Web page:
"The return on this knife is expected in one or two years, if we would have sent those patients to treatment abroad," professor Arimantas Tamasauskas, head of the neurosurgery clinic at Kaunas Clinics, told a press conference on Wednesday.

But, he added, the most important thing is that people receive procedures they need. "Our people get that treatment which is the best and most necessary for them. And not only those who can afford spending dozens of thousands on treatment abroad but also ordinary people," the professor said.

A gamma knife is a radiosurgerical treatment method for treating brain cancer and neurological diseases, as well as certain psychiatric disorders, including certain forms of epilepsy and other conditions. This instrument allows surgeons to perform brain surgery without opening the skull.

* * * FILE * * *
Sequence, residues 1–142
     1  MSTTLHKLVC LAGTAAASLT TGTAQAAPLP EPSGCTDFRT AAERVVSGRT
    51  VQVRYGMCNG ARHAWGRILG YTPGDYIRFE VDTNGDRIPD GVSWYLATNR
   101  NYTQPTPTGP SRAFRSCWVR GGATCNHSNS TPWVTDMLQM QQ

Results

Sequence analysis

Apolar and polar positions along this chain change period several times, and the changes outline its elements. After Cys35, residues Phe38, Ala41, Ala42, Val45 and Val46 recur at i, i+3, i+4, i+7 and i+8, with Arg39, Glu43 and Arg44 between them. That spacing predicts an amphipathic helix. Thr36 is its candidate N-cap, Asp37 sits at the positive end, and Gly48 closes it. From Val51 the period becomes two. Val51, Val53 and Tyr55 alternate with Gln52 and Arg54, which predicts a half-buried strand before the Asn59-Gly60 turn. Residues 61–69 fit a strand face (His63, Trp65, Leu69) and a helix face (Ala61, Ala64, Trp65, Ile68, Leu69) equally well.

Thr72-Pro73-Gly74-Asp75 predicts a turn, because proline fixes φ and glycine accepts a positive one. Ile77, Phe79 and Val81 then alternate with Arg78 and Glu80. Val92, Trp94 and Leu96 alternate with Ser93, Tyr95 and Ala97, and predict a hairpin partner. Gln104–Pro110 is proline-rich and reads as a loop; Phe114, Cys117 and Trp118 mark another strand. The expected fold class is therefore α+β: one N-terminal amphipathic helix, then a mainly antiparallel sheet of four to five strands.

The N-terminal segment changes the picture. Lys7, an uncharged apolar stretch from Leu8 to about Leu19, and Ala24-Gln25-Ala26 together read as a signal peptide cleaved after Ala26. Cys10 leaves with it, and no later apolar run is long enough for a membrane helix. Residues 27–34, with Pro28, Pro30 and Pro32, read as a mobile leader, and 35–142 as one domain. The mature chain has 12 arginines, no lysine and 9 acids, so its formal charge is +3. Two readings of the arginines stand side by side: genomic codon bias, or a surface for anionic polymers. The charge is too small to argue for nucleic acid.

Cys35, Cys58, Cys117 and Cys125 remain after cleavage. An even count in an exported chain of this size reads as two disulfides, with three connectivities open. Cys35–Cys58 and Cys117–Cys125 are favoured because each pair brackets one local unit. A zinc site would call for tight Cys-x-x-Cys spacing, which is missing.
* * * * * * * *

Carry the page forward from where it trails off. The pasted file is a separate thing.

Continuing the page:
The procedure is not painful and patients can go home the other day already. It also reduces the risk of complications, compared to open surgery.

One procedure costs several thousand euros, depending on the disease, but the costs are covered by the National Health Insurance Fund.

Over 20 patients are now awaiting gamma knife surgery in Lithuania.

The instrument, which cost 7.4 million euros, is the only in the Baltic states, and Kaunas Clinics started using it in June.